Fargo is a witty crime engulfing violence and black comedy that will be long remembered. Combining complex plot with complex characterizations and perfect casts, Fargo is.
“THIS IS A TRUE STORY. The events depicted in this film took place in Minnesota in 1987. At the request of the survivors, the names have been changed. Out of respect for the dead, the rest has been told exactly as it occurred.”
Approaching the finale of FX 10-episode limited series, Fargo, I set my sight back to the root. To the 1996 Oscar winning film written, produced, directed, and edited by Joel and Ethan Coen a.k.a The Coen Brothers, entitled Fargo I refer.
Fargo is a Minnesotan crime thriller that goes so cold and frosty that it turns hilarious. At first, with characters like the pathetic Jerry Lundegaard (William H. Macy, so desperately amazing!), the twitchy Carl Showalter (Steve Buscemi, described on screen as “a funny guy”), and the taciturn Grimsrud (Peter Stormare, cold and silent), it’s hard to take this film seriously. Lost in blizzards of ‘yah‘, ‘heck‘, ‘jeez‘, and ‘you betcha‘ words, Fargo is visibly frivolous—given the thought of “based on actual event” opening.
In flash, serious omens come along with kidnapping and murder ignited by Jerry’s ominous plan to kidnap his own wife. Simply saying, everything that can go wrong, do go wrong in Fargo—that’s how the story goes more serious and intricating. Summoning Frances McDormand’s Marge Gunderson, a pregnant local police chief, Fargo gets a true heroine—that wins Oscar for ‘Best Lead Actress‘—to complete the impeccably-ridiculously hilarious plot.
Jerry’s plan to abduct his own wife is proven ill-prepared. The money he’s craving for suddenly comes out nowhere, when his father-in-law, Wade Gustafson (Harve Presnell) signs for fake investment he offers. Ridiculously, Jerry is unable to undo the abduction due to his own failure to trackback the abductors he hires. Meanwhile, the abduction goes ridiculously wrong—Carl and Grimsrud kill 3 innocent persons by perforce. Things won’t go easy on them because Marge, introduced within the second act, is persistent in investigating this random act of crime.
All in all, Fargo is a bittersweet tale of money that japes the audiences for the whole duration. It begins with a “based on an actual event”, proceeded with a complicated, knotty plot, fueled with witty oddballs, and then, it ends with an ordinary “This movie is fictional…” clause—playing fool on everyone. It’s beautifully filmed with suspense and freezing Minneapolis—borrowing the town of Fargo, only for the title—thanks to DoP Roger Deakins.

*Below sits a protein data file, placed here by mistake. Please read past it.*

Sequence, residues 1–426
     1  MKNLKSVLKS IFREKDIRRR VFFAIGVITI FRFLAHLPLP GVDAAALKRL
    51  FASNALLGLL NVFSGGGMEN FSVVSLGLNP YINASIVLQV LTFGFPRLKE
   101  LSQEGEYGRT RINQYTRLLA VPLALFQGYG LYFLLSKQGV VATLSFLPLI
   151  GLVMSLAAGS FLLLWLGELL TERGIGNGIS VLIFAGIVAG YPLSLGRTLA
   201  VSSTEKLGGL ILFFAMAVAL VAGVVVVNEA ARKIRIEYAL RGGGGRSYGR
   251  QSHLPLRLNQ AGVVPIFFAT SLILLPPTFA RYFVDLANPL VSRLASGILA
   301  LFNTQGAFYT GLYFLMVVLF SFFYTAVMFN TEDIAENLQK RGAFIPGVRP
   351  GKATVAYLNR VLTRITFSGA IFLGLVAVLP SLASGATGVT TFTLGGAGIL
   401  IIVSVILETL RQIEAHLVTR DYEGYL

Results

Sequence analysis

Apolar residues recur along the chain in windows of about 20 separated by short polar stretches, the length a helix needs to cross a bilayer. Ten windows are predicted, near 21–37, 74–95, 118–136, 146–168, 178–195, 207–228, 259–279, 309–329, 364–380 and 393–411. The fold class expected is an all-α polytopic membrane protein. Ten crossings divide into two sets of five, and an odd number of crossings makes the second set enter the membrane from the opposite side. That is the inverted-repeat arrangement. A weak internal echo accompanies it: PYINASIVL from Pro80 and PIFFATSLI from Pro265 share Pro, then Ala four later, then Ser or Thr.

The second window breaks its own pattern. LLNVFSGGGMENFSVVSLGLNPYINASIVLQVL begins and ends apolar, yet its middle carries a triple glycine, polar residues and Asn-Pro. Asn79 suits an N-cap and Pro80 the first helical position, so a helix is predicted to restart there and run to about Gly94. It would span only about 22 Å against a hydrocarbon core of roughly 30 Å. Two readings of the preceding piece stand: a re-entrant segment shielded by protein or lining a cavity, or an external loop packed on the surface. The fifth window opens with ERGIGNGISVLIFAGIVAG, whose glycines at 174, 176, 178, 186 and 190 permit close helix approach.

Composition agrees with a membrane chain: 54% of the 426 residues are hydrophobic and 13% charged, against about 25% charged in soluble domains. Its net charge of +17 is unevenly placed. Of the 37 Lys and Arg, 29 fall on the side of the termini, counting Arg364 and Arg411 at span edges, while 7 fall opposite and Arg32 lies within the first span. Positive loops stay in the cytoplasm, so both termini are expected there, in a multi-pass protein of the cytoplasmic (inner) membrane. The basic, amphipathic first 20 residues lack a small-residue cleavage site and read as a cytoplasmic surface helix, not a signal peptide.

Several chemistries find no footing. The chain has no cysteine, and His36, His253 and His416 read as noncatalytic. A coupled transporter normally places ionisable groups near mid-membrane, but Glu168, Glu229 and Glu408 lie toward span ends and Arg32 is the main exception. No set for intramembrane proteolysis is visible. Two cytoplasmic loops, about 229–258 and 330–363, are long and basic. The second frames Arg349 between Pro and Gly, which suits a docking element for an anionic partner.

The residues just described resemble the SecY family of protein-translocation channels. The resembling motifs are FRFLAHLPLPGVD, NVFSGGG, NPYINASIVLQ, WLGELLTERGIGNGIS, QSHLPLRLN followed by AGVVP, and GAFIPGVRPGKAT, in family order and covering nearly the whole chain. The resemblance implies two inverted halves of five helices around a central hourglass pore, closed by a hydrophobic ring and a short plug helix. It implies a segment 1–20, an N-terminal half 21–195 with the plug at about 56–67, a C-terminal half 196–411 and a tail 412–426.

I find slight similarity in Fargo that reminds me to other Coen Brothers’ crime films—No Country For Old Man, most notably. Even, the villainous Grimsrud and Carl might manifest in Anton Chigurh. Buscemi and Stormare almost successfully steal the screen; Buscemi talks the talk, Stormare walks the walk. William H. Macy is also hilarious—portraying a lame, doomed man with rotten plans. Yet, the star of this film is obviously Frances McDormand—saving the plot. McDormand’s radiant performance is charming and enchanting although she’s only given two-third of the duration to shine—thanks to earthy complex characterization and perfect accent!
To wrap up everything, I must say that Fargo is a witty crime engulfing violence and black comedy that will be long remembered. Combining complex plot with complex characterizations and perfect casts, Fargo is. The late Roger Ebert once said that films like Fargo is why he loved the movie; quite a reason to put the quirky Fargo on the top of your watchlist.
Crime, Comedy, Drama Running Time: 97 mins Directed by: Joel Coen & Ethan Coen Written by: Joel Coen & Ethan Coen Starred by: Frances McDormand, William H. Macy, Steve Buscemi, Harve Presnell, Peter Stormare, John Carroll Lynch